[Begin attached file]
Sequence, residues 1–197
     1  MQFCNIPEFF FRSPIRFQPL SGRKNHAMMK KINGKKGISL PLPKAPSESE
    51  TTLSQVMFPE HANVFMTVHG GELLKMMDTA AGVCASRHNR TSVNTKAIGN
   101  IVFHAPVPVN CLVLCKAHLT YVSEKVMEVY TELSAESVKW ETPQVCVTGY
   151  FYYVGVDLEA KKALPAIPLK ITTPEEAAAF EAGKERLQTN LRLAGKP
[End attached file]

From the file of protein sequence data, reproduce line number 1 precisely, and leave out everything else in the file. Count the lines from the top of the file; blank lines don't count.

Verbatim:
Sequence, residues 1–197